Doctors have always been very good at coming up with long complicated names for medical conditions. Sometimes I wonder if it’s just to make ourselves feel more important. Deep vein thrombosis – often called DVT - is a classic example. Thrombosis just means clot. But the most serious complication of a DVT is another kind of clot. This is called a pulmonary embolus (PE). The difference is that an embolus is a clot that travels from somewhere else in your body. So a clot deep in the veins in your leg can get carried in your blood system to your lungs, where it gets stuck. The PE that results can be fatal.
DVT – why do I need to worry?
DVTs are very common, especially if you are in hospital for any length of time. They also become more of an issue as you get older. It is estimated that they kill a worrying 32,000 people every year in the UK. Fortunately, there are lots of simple ways you can guard against getting a DVT in the first place. What’s more, there are better and better medicines to prevent them if you are at high risk.
What causes DVT?
The pressure in your veins - the blood vessels which take blood back to your heart – is much lower than in your arteries, which carry blood from your heart round your body. That means that they get more easily squashed, stopping the blood from circulating. If this happens, a clot can form, blocking off the blood supply. If this happens in your leg, it can cause pain, redness and swelling in the leg (usually in your calf). If the clot moves to your lungs, it can cause:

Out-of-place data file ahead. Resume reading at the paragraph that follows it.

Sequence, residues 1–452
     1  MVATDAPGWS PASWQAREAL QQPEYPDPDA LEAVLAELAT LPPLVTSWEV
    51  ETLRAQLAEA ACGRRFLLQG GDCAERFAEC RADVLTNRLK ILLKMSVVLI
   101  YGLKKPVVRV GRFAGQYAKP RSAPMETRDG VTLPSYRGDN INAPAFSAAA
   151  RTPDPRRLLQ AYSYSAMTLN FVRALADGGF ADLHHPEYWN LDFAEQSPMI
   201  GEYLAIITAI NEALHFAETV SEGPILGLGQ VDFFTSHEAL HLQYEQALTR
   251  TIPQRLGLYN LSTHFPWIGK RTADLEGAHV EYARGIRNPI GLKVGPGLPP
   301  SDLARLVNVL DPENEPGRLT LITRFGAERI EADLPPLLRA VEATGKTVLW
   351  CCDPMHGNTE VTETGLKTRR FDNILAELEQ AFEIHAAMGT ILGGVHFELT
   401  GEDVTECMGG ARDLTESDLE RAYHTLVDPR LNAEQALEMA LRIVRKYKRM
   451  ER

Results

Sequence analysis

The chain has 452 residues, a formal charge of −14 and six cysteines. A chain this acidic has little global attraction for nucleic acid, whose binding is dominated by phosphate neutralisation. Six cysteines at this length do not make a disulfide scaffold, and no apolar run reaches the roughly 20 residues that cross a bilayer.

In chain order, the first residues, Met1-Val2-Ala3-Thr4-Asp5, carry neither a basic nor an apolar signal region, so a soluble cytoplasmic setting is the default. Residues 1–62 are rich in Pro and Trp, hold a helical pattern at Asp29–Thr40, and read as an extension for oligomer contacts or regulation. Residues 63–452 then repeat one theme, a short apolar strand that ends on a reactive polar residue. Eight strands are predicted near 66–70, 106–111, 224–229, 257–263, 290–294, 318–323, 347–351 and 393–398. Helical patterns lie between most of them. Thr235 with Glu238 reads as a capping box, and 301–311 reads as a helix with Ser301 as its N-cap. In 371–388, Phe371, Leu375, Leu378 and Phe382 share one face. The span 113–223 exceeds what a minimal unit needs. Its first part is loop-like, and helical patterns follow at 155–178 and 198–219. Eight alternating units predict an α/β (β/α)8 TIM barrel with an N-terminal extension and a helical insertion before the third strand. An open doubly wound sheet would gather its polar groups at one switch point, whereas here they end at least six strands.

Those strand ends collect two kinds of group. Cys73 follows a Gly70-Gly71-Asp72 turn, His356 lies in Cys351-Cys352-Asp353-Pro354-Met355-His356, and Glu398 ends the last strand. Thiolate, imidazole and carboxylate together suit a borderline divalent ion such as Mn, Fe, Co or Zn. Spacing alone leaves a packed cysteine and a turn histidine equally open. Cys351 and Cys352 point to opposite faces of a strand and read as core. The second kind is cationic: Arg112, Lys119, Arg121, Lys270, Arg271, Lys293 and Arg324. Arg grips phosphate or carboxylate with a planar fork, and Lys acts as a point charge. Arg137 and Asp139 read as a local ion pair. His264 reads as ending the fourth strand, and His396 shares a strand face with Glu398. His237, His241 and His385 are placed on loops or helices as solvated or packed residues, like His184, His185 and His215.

- Sudden shortness of breath.
- Sharp chest pain, which is worse when you breathe.
- Rapid heartbeat.
- Coughing up of blood.
What increases my risk of DVT?
The biggest risk factors for DVT include:
- Being immobile.
- Being on oral contraception or HRT.
- Having had a DVT in the past.
- Having a heart attack.
- Having an operation, especially on the joints of your leg (an orthopaedic operation).
- Being overweight.
- Having high blood pressure.
If you are having surgery on your legs or pelvis, you are at especially high risk. You should be offered medicine to reduce the chance of getting a DVT if you are having this sort of operation. The most commonly used medicine is a daily injection called heparin. However, there are several new tablets, called rivaroxoban, dabigatran and apixaban, which are also now available if you’re having this sort of surgery. You should also be given compression stockings to wear. If you aren’t, ask your doctors why not.
Preventing DVTs – put your best foot forward!
We’ve all heard about the risks of DVT after long trips on aeroplanes. Actually, they aren’t that common, but doctors do recommend getting up and walking around regularly, avoiding alcohol (which causes dehydration) and regular leg exercises. In fact, all of us can benefit from these simple exercises to cut the risk of DVT and keep our ankles trim at the same time.
Turning circles. While you’re sitting, cross one leg over the other and rotate your ankle slowly in complete circles ten times. Swap legs and repeat. Try this on the bus or train, or in the car.
Toned ankles, toned calves. Point your toes, then lift them up so your heels are on the floor. Repeat this at least ten times every few minutes. You can do it while you’re talking on the phone, working on your computer or just reading.
With thanks to 'My Weekly' magazine where this article was originally published.
Disclaimer: This article is for information only and should not be used for the diagnosis or treatment of medical conditions. EMIS has used all reasonable care in compiling the information but make no warranty as to its accuracy. Consult a doctor or other health care professional for diagnosis and treatment of medical conditions. For details see our conditions.